In my previous blog — Don’t Mess with My Head! — I made mention of the fact that I’m currently playing with a couple of pseudo robot heads.
It’s no secret that I’m a big fan of steampunk, which is a subgenre of science fiction that incorporates retro-futuristic technology and aesthetics inspired by 19th-century industrial steam-powered machinery. Thus, although we tend to think of robots as being super-modern, I’ve tried to give my robot heads a hint of a sniff of steampunk, part of which involves my using pan-head machine screws with slotted drives.
On some of my more “industrial” looking projects, I’ve used acorn nuts to great effect. In this case, I typically use brass acorn nuts to adorn brass control panels. Other projects have used machine screws with round, dome, pan, flat, oval, and hexagonal heads as the occasion demanded. Sometimes these are brass, sometimes steel (typically zinc-coated), and sometimes they are black.
One point worth noting is that the black ones tend to be harder to find in the less popular sizes. In the past, when I was young and foolish, I spent an inordinate amount of time tracking down black versions of the machines screws I wished to use. These days, by comparison, I simply purchase cheap-and-cheerful zinc-coated steel machine screws and then use Liquid Gun Blue to turn them black.
There is, of course, a vast collection of different head shapes available, and these are accompanied by myriad types of drive, only a few of which are shown in my drawing. As I discuss in my monthly Cool Beans column in the forthcoming November 2021 issue of Practical Electronics, which is the UK’s premier electronics, computer, and maker hobbyist magazine, hexagonal heads speak for themselves. In the case of the other head profiles, I almost invariably use flat (slotted) drives, because this type has been around since time immemorial.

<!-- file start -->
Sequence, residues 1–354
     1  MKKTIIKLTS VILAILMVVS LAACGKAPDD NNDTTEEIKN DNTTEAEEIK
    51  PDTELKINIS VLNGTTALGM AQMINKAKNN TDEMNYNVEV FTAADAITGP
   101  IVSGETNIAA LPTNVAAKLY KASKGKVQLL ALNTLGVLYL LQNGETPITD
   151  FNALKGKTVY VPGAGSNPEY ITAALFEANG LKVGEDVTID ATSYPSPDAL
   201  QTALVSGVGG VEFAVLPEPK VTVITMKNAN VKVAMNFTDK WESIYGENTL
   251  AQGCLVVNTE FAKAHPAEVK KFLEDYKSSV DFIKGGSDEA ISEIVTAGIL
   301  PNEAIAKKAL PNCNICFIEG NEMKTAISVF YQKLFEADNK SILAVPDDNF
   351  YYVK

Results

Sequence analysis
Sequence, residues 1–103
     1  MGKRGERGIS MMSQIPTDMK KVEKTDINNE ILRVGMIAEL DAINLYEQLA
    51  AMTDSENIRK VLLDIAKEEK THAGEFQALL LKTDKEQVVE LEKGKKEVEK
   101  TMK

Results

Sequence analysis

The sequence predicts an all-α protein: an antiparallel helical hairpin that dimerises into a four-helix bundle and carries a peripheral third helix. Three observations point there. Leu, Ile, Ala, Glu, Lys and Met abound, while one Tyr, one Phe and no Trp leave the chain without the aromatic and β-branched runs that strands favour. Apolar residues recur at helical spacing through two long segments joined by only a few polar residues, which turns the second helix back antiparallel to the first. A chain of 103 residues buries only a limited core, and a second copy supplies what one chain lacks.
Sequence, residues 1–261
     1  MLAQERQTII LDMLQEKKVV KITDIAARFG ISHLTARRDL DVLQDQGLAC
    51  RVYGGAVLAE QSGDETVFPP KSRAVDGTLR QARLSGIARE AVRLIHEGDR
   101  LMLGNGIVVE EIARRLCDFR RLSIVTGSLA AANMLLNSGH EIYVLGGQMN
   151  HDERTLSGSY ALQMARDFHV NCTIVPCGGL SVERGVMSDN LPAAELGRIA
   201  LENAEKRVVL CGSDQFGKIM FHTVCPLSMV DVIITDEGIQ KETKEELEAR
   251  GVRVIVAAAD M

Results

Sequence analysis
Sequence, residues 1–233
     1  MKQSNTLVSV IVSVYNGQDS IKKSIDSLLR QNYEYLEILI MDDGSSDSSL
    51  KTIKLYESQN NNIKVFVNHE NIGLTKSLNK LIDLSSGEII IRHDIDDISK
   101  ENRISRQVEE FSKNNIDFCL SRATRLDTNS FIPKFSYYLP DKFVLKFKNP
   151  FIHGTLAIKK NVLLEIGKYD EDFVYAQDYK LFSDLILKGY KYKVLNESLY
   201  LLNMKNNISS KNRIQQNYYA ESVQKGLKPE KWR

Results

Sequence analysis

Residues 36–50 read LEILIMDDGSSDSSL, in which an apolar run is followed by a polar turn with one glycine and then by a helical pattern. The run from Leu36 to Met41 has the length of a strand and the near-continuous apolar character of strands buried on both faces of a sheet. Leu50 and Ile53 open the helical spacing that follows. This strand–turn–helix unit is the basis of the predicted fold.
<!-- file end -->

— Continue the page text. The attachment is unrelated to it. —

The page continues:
If the truth be told, I wouldn’t be averse to using square (Robertson) drives, which were invented by Peter L. Robertson in 1907, or Hexagonal (Allen) drives, which were invented by William G. Allen circa 1910, because both of these have a look-and-feel that pleases my eye. Although I’ve not yet done so, I might even be tempted to use Torx screws, even though these little scamps were invented by the Camcar Textron company in 1967. As unreasonable as it may sound, however, you will never find me using Phillip’s drive screws on my steampunk hobby projects because — even though they were invented by Henry F. Phillips in 1936, thereby predating Torx screws by 31 years — to me they scream “Hello there, I’m from the 20th century, what’s your name?”
As a slight aside, have you seen the offerings from the folks at Outlaw Fasteners? These little rascals have come up with a 3-tier hexagonal drive that provides up to 18 driving points, thereby delivering an extremely high torque-to-driver ratio. The nested drive removes the need for multiple drive bits, although a special Outlaw bit that employs all three tiers is preferred. As far as I can see, they offer only deck screws, but I’m sure this approach could be of interest for a wide range of applications.